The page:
James Bacon Addis, Prize Medal Carving Tools

James Bacon Addis (1829-1889) was the younger brother, by 18 years, of Samuel Joseph Addis. He was a third generation carving tool maker – his father, Joseph James Addis (1792-1858), was master to his older brother and his grandfather, Samuel Bayton Addis (1768-1832), had worked in the trade since the 1780s. He might have been able to make a claim of being a fourth-generation maker as his brother S. J. Addis would have been in his early 30s when James began his apprenticeship – practically a generation removed – and James would have had the benefit of studying with two generations of highly skilled edge-tool makers. Indeed, it is not clear who James  apprenticed with. James, his brother, and his father may all have worked together for a period of time. When S. J. Addis moved to Lower Fore Street, James could have served his apprenticeship in either his brother’s place of business or his father’s shop in Church Street or could have divided his time between them.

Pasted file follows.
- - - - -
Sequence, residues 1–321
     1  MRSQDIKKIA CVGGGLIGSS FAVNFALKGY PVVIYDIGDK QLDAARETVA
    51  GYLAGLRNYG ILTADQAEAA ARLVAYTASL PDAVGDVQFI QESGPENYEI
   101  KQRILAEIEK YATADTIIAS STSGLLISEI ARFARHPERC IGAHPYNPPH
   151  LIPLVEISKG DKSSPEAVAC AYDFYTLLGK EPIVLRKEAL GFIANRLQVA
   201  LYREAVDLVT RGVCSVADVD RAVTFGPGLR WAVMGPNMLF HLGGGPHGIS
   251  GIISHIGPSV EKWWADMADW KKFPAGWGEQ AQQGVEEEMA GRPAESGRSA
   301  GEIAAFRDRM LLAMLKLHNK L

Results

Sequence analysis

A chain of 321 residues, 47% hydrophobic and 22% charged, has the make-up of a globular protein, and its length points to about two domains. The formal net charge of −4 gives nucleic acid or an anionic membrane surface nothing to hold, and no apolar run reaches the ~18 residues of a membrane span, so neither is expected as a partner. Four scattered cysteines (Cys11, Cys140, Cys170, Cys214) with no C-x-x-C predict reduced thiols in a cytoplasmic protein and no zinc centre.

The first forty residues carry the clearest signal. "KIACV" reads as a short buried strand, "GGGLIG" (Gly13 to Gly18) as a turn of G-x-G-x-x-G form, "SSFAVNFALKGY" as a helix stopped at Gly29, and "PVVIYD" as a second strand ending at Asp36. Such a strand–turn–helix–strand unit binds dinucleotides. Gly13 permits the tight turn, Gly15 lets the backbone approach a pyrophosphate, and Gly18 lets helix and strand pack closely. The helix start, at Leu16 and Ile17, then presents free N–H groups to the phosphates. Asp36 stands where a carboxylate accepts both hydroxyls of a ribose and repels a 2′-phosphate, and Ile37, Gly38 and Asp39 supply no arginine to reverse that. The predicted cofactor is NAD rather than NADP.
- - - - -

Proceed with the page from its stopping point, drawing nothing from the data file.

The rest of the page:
As Geoffrey Tweedale describes it, S. J. and J. B. Addis lived complicated lives and the relationship between them was often difficult and byzantine. Did the 22-year-old James win his Prize Medal at the Great Exhibition in London in 1851 through deceit? That may be impossible to ever know though James continued to win prize medals at international exhibitions including the Philadelphia Centennial Exhibition in 1876. Despite the medals won and his apparent gifts for self-promotion and finances were problematic. In 1864 he looked to the Sheffield firm of Ward & Payne for employment, ultimately spending the rest of his working career in that city. After a litigious time working for Ward & Payne he was on his own again by at least 1876, advertising against imitation ADDIS tools and complaining to a Sheffield newspaper at the time of the Philadelphia Centennial Exhibition (where carving tools made by the Ward & Payne firm that included the imprint of S. J. Addis were also exhibited) that “…no goods bearing my brother’s mark can possibly equal my own…” His two sons, James Bacon Barron Addis (1852-1909) and George Kennedy Addis (1869-1915), joined him in the trade (coincidentally there is almost the same age difference between them as there was between J. B. and S. J. Addis) and continued the manufacture of J. B. Addis & Sons carving tools after J. B. Addis’s death in 1889. After the death of James Bacon Barron Addis in 1909, his widow Elizabeth became the governing director of the firm until her death in 1933.